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Maria Mitchell Association


Maria Mitchell Birthplace

While in Nantucket I visited the Maria Mitchell Association, a complex of four museums. There’s the natural science museum in the main building. This features animals (mostly dead) found on or near the local beaches. They have dolphin skeletons, butterflies, moths, taxidermy animals, live snakes and turtles and a discovery center.

The main focus of my visit was the Maria Mitchell birthplace. A typical Quaker house built in 1790, this house is the birthplace of America’s first female astronomer.


Maria Mitchell Birthplace sign

The Mitchells acquired the home shortly before Maria’s birth in 1818. It is typical Nantucket architecture. It has an off-center front door and a small window above to let light in the hall when the door was closed. On the roof is a roof walk, which was actually for putting out chimney fires and fires on the roof. Could they have used it for other purposes? Yes, but that isn’t what it was built for.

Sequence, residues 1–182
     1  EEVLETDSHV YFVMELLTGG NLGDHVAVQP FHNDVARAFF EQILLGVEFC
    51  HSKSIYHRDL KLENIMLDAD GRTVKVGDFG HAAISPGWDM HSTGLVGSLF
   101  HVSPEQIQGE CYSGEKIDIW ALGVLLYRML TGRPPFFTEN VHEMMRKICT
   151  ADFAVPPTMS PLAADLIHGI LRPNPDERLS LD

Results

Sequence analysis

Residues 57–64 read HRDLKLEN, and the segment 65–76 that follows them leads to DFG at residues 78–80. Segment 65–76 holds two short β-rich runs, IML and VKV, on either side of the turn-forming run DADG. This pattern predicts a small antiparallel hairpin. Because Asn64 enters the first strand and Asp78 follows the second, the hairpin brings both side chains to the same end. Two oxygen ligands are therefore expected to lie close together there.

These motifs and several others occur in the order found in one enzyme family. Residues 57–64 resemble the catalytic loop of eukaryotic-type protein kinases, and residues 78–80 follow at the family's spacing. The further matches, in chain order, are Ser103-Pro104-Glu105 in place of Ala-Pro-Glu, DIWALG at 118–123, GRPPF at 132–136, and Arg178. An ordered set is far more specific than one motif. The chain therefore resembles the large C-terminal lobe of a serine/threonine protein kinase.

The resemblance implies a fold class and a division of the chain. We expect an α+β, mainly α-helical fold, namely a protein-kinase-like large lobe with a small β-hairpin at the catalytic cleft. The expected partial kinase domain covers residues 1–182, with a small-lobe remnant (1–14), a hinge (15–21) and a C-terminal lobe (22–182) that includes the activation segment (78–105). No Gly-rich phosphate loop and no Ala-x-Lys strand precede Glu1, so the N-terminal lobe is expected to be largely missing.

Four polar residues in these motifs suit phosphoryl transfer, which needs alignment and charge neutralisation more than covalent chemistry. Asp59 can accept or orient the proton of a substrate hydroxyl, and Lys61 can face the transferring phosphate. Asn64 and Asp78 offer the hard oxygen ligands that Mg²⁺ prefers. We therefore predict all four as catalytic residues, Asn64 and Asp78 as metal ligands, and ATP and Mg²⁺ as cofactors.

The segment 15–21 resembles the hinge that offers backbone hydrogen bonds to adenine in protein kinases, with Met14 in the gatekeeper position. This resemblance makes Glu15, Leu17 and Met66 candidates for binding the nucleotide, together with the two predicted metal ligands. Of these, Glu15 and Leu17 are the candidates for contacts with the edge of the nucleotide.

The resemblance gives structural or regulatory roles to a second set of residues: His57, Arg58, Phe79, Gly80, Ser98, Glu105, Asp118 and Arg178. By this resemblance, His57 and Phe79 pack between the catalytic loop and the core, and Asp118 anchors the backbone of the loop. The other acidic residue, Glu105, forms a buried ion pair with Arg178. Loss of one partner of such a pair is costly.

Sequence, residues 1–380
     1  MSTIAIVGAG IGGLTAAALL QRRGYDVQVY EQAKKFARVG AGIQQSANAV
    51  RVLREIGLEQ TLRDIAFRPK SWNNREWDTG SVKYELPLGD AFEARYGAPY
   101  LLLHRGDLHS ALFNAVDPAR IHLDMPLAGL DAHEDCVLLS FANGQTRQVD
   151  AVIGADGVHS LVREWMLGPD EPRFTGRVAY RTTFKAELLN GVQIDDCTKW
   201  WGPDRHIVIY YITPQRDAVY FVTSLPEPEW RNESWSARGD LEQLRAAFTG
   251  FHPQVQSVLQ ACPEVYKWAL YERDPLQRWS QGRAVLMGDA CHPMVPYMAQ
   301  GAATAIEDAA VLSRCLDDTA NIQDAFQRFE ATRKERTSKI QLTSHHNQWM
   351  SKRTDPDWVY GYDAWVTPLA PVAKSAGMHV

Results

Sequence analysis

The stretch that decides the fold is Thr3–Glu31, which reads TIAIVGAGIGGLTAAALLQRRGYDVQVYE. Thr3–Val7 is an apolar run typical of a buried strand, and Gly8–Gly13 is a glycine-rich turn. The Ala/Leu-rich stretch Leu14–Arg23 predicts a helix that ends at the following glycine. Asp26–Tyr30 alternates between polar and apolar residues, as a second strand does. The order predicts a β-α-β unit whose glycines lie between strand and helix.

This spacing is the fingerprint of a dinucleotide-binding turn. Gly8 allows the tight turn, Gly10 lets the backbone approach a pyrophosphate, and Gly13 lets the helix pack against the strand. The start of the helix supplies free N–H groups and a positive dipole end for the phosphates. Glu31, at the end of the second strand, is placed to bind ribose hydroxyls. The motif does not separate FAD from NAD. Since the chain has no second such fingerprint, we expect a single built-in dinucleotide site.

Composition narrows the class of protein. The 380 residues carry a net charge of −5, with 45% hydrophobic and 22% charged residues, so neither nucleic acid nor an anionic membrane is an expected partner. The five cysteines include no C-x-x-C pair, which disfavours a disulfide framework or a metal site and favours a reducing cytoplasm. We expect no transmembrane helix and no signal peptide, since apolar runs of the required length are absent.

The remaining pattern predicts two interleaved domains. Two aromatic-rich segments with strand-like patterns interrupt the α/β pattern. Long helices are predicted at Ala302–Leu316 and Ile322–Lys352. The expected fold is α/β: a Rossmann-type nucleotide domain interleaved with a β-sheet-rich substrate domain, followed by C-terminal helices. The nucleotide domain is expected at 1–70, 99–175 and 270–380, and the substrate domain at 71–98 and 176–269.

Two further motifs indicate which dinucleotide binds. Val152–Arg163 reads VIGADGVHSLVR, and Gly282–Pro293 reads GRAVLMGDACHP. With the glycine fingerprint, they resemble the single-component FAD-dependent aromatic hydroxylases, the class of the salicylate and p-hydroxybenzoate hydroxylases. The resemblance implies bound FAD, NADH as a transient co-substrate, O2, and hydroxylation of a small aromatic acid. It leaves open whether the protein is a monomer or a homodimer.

William Mitchell had to add a new kitchen to the old house to make the house bigger. The new kitchen has a back staircase, a warming alcove and plaster walls painted to look like wood. The front room features the most exciting and unique artifact in the house-Maria’s telescope through which she discovered a comet. The front entryway has an amazing mural of “The Great Moon Hoax of 1835.” (Fake news is obviously not an Internet age problem).